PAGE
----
Cart (Loading....) | Create Account
Close category search window

A Robust Top-Down Dynamic Power Estimation Methodology for Delay Constrained Register Transfer Level Sequential Circuits

Sign In

Cookies must be enabled to login.After enabling cookies , please use refresh or reload or ctrl+f5 on the browser for the login options.

Formats Non-Member Member
$31 $13
Learn how you can qualify for the best price for this item!
Become an IEEE Member or Subscribe to
IEEE Xplore for exclusive pricing!
close button

puzzle piece

IEEE membership options for an individual and IEEE Xplore subscriptions for an organization offer the most affordable access to essential journal articles, conference papers, standards, eBooks, and eLearning courses.

Learn more about:

IEEE membership

IEEE Xplore subscriptions

3 Author(s)
Sambamurthy, S. ; Univ. of Texas at Austin, Austin ; Abraham, J.A. ; Tupuri, R.S.

We present a top-down dynamic power estimation methodology for delay constrained sequential circuits. The methodology works at the register transfer level (RT-Level), and applies to both structural and behavioral descriptions of circuits. The average power consumption of a circuit varies with the worst case cycle-time or frequency of operation. As the cycle-time is reduced, the increase in the capacitance of the circuit due to technology mapping and optimization is captured by our technique at the RT-Level using the principles of logical effort. Switching activity is obtained at the RT-Level visible nodes through RT-Level functional simulation. This information is utilized to approximate the activities at the remaining nodes of the circuit and combined with capacitance to estimate dynamic power. Power estimation results for RT-Level sequential circuits indicate good accuracy (average error<10%) with respect to the reference values obtained by detailed gate-level power analysis. The power consumed by a circuit varies with the target library and technology. Our methodology is parameterizable and the results obtained for different target libraries at 0.18 mum TSMC and 0.13 mum UMC technologies are consistent, indicating the robustness of our technique. The applicability of our methodology in design frameworks consisting of bottom-up techniques is also discussed.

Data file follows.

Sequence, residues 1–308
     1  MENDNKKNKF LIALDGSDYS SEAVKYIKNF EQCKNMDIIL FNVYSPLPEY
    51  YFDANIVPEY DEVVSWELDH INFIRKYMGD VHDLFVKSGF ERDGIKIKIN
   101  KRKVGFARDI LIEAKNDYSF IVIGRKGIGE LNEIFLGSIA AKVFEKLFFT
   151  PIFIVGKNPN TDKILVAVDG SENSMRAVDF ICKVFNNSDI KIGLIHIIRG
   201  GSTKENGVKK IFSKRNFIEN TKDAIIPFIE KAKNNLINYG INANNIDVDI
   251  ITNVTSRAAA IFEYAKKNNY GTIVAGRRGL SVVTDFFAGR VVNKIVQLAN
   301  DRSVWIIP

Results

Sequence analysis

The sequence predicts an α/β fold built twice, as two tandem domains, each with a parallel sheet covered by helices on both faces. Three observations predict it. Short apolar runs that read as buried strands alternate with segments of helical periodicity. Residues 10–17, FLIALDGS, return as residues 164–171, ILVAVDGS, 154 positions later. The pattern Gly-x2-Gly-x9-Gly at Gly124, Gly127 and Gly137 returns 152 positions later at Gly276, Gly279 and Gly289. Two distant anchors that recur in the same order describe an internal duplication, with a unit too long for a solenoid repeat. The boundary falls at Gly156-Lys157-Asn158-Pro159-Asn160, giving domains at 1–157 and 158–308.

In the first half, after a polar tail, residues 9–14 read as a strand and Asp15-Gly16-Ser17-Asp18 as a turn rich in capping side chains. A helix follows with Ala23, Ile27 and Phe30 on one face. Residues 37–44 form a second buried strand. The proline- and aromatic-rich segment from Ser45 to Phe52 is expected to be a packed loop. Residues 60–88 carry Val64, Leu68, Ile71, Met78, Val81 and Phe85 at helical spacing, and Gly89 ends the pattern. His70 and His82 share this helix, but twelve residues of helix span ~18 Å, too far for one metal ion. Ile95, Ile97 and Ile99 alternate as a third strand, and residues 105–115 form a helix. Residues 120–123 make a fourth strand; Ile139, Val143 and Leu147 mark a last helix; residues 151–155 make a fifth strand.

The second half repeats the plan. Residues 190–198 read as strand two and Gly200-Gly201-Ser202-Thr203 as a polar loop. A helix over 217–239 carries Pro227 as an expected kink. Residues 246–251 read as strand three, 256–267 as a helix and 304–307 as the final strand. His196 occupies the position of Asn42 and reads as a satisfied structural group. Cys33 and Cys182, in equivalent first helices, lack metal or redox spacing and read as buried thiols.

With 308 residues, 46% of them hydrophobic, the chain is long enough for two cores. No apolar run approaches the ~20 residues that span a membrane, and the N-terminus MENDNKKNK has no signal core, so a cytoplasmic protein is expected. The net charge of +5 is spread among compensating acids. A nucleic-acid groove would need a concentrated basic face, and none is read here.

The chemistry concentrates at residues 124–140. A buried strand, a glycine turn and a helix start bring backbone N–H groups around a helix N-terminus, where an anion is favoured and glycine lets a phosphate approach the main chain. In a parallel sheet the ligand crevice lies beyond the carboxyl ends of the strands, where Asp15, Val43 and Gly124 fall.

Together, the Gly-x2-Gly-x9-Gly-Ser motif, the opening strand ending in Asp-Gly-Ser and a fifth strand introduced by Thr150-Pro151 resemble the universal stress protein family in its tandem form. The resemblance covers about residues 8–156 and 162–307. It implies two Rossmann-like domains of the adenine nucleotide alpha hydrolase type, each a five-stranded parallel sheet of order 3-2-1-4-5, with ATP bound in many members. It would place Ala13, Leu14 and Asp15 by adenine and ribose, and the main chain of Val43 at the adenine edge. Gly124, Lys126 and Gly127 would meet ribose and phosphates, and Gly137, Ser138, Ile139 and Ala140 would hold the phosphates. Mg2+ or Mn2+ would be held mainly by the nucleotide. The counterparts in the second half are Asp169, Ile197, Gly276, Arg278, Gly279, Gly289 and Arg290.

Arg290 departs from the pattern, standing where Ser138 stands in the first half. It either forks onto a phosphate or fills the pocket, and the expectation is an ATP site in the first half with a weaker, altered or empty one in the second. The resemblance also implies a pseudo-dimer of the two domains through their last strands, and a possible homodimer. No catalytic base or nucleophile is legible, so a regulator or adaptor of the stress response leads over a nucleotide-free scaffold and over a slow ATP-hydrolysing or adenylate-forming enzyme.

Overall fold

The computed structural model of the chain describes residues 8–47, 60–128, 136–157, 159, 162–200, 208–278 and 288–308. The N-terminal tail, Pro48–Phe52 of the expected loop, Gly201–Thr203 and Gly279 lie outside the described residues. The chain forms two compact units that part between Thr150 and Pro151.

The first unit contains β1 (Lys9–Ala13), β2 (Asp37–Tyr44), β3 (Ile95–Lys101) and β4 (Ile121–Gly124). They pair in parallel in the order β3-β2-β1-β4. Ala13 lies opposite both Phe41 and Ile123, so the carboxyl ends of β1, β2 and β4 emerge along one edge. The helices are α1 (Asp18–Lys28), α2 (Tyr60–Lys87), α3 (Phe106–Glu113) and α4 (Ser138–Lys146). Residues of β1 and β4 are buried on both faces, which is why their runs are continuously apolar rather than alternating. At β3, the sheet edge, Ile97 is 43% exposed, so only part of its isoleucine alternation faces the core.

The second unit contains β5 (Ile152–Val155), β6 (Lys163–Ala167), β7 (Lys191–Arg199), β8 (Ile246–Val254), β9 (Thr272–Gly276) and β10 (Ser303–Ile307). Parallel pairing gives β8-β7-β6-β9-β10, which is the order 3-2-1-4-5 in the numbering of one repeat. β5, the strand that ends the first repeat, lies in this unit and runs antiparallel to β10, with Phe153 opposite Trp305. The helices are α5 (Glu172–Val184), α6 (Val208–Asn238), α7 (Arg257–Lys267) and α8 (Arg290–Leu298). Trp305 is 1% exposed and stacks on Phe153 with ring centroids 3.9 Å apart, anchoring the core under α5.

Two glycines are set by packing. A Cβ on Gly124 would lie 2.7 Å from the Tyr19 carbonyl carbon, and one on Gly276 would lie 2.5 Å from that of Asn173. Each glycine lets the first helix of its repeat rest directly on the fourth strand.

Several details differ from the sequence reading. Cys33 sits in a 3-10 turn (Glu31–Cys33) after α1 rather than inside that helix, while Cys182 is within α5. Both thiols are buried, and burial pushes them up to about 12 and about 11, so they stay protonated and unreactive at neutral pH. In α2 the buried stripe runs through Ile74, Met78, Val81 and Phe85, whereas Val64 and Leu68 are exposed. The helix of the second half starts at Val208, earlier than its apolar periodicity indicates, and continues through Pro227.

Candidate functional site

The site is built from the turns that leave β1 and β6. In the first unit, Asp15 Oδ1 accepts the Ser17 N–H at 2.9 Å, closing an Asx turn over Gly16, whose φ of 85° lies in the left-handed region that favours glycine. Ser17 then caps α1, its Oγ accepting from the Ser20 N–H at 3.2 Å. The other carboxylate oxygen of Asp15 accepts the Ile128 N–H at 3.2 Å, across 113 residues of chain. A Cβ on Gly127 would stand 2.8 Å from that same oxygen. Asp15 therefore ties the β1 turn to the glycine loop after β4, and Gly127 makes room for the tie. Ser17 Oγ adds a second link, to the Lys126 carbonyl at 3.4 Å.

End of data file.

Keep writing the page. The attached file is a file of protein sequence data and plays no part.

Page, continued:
Published in:

VLSI Design, 2008. VLSID 2008. 21st International Conference on

Date of Conference:

4-8 Jan. 2008

Need Help?

IEEE Advancing Technology for Humanity About IEEE Xplore | Contact | Help | Terms of Use | Nondiscrimination Policy | Site Map | Privacy & Opting Out of Cookies

A not-for-profit organization, IEEE is the world's largest professional association for the advancement of technology.
© Copyright 2014 IEEE - All rights reserved. Use of this web site signifies your agreement to the terms and conditions.